The book is VERY oriented towards a Western magic "grab" of African and Carribean traditions and symbols. It seems that the authors are very anti-Christian and let that bias affect their outlook on Santeria/Voodoo/Vodou, etc. and allows them to make a very tedious connection between the cult of Dionysius and "Voodoo". The authors also bring lots of euro-magic into the mix and try to simplify things like Ifa divination. Another example is possession. They suggest sitting in a straight-backed chair and focusing on a crystal while listening to Tibetan chants. (for contrast, see the excellent Mama Lola for a book that's really about Vodou in an urban setting).
Overall, the book is an interesting read, but think of it as entertainment. Yes, there are sections that have useful information and make logical and probably correct deductions, but overall, not the best book to get if you're interested in truly learning the Afro-Carribean traditions.
--Len @ The New Orleans Cemetery & Voodoo pages
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14 of 15 people found the following review helpful By A Customer on November 3, 1998
Format: Paperback
I believe many occultists may find this book offensive. Black's and Hyatt's approach to the occult borders on black magic. Their comments about people in other occult groups can at times be cruel. Nevertheless, they raise may interesting points. Western Magic has created too many armchair magicians who rarely practice the art and spend too much time moralizing. What I liked about the book, is that the authors share with the reader actual, personal , experiences that they have had with voodooo. As a guide to voodoo practice, however, it is a bit too sketchy and limited for my tastes.
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15 of 17 people found the following review helpful By Cyberzombie on July 17, 2005
Format: Paperback
The book is great, but not for everyone. If you're looking for a scholarly work on Voodoo, you've come to the wrong place. If you're a Waldenbooks Wiccan, looking to absorb yet another pagan practice into the mishmash you call a religion, you, again, do not want this book.

If you *do* want to adopt the "black magic" practices of Voodoo into your own Western-style beliefs, this *is* the book for you. This is not happy fluffbunny magic.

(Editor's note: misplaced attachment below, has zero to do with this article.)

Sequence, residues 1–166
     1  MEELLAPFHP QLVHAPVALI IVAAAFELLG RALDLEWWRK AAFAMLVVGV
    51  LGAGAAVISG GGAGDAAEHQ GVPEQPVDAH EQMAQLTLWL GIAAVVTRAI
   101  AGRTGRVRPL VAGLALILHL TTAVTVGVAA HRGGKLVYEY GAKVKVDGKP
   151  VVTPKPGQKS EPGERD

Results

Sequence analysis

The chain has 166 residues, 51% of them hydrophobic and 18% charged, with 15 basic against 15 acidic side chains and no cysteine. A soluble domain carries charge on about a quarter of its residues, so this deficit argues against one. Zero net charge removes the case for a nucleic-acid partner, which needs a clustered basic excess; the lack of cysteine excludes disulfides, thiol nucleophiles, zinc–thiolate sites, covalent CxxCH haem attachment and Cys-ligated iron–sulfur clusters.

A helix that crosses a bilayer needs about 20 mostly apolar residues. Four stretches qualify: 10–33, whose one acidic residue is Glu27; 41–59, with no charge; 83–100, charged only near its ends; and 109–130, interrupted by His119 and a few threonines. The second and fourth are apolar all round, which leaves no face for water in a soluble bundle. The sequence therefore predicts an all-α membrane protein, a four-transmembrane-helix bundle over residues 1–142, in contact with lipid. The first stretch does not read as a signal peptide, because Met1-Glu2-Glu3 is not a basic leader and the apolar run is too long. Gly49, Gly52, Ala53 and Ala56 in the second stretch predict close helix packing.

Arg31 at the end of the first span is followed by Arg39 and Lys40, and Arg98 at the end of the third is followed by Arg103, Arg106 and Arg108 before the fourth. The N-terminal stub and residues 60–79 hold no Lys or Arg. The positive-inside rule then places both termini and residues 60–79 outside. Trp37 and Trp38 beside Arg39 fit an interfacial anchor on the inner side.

The authors also have a very explicit warning about how this is not "real" voodoo. Don't make the mistake of reading this book and then going to your local Haitian community and saying you're a bocor. You won't like what happens. :)

If you're interested in Western magic, and you want to expand your horizons a bit, get this book. You'll love it.
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17 of 20 people found the following review helpful By A Customer on December 1, 2000
Format: Paperback
This isn't the best book you could buy on the subject. The book lumps, santeria, quimbanda (pomba gira), and New orleans/Hatian voodoo altogether. They chide the public for their lack of knowledge on the subject, but they really don't seem to know all that much themselves (for instance, they say La Santisma Muerte figures are used in Black Magic, when actually they are used in Love and Money spells in Mexican Brujaria). The book spends a great deal of time on the authors (not so mystical) expierences, and one encounter with a hooker who lectures one of the authors on the hypocrisy of Christianity (which sounds phony). The authors are Satanists, and spend a good deal of time ranting against Chrisitanity, which gets old pretty quick. There are some harsh truths about Wiccans, Crowleyites, and LaVeyians which are,well...true, heh heh. I always wondered if anyone would ever point these things out in a book someday.In a way the book is worth the read just for that. Points out the difference between doing a ritual for the sake of doing a ritual and doing a ritual for results. I'd say 90% of occultists fail to see this point, but these boys did. There is a small section on Quimbanda/Santeria/Voodoo spells all lumped together at the end. A better book would be "The VooDoo in New Orleans" by Robert Talant and "Famous Voodoo Spells and Rituals" by H.U. Lampe. A good mini-dictionary of voodoo is "The Handbook of VooDoo Cult Secrets" by Anna Riva. In summary, if you want a book about some guys and there expierences in the occult, with a few sharp observations thrown in, this is a good book for that (if you don't mind the anti Christian rants). As far as a book on VooDoo goes, this ain't it.